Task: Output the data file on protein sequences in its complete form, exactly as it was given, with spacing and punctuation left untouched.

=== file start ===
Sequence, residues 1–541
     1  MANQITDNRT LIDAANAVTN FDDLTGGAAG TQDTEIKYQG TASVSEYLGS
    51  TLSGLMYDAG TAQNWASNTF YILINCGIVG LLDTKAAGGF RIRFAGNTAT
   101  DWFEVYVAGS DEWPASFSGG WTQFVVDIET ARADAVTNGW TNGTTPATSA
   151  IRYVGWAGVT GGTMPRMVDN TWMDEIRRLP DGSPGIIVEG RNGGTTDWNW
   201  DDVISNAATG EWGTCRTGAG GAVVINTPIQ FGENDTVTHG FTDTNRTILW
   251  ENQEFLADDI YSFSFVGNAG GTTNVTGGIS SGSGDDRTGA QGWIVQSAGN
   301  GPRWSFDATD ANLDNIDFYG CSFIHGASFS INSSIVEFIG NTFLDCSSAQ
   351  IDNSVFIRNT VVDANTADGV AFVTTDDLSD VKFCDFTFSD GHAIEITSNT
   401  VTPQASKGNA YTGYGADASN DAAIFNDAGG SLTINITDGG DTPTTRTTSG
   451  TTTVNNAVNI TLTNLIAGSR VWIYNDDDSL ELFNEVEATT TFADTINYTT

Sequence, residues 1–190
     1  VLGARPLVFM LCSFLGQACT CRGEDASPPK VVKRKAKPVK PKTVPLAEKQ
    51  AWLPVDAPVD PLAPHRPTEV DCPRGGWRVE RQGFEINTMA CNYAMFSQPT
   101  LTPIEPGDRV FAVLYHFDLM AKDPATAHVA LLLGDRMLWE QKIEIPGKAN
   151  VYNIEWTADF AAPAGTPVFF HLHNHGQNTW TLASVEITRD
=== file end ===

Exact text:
Sequence, residues 1–541
     1  MANQITDNRT LIDAANAVTN FDDLTGGAAG TQDTEIKYQG TASVSEYLGS
    51  TLSGLMYDAG TAQNWASNTF YILINCGIVG LLDTKAAGGF RIRFAGNTAT
   101  DWFEVYVAGS DEWPASFSGG WTQFVVDIET ARADAVTNGW TNGTTPATSA
   151  IRYVGWAGVT GGTMPRMVDN TWMDEIRRLP DGSPGIIVEG RNGGTTDWNW
   201  DDVISNAATG EWGTCRTGAG GAVVINTPIQ FGENDTVTHG FTDTNRTILW
   251  ENQEFLADDI YSFSFVGNAG GTTNVTGGIS SGSGDDRTGA QGWIVQSAGN
   301  GPRWSFDATD ANLDNIDFYG CSFIHGASFS INSSIVEFIG NTFLDCSSAQ
   351  IDNSVFIRNT VVDANTADGV AFVTTDDLSD VKFCDFTFSD GHAIEITSNT
   401  VTPQASKGNA YTGYGADASN DAAIFNDAGG SLTINITDGG DTPTTRTTSG
   451  TTTVNNAVNI TLTNLIAGSR VWIYNDDDSL ELFNEVEATT TFADTINYTT

Sequence, residues 1–190
     1  VLGARPLVFM LCSFLGQACT CRGEDASPPK VVKRKAKPVK PKTVPLAEKQ
    51  AWLPVDAPVD PLAPHRPTEV DCPRGGWRVE RQGFEINTMA CNYAMFSQPT
   101  LTPIEPGDRV FAVLYHFDLM AKDPATAHVA LLLGDRMLWE QKIEIPGKAN
   151  VYNIEWTADF AAPAGTPVFF HLHNHGQNTW TLASVEITRD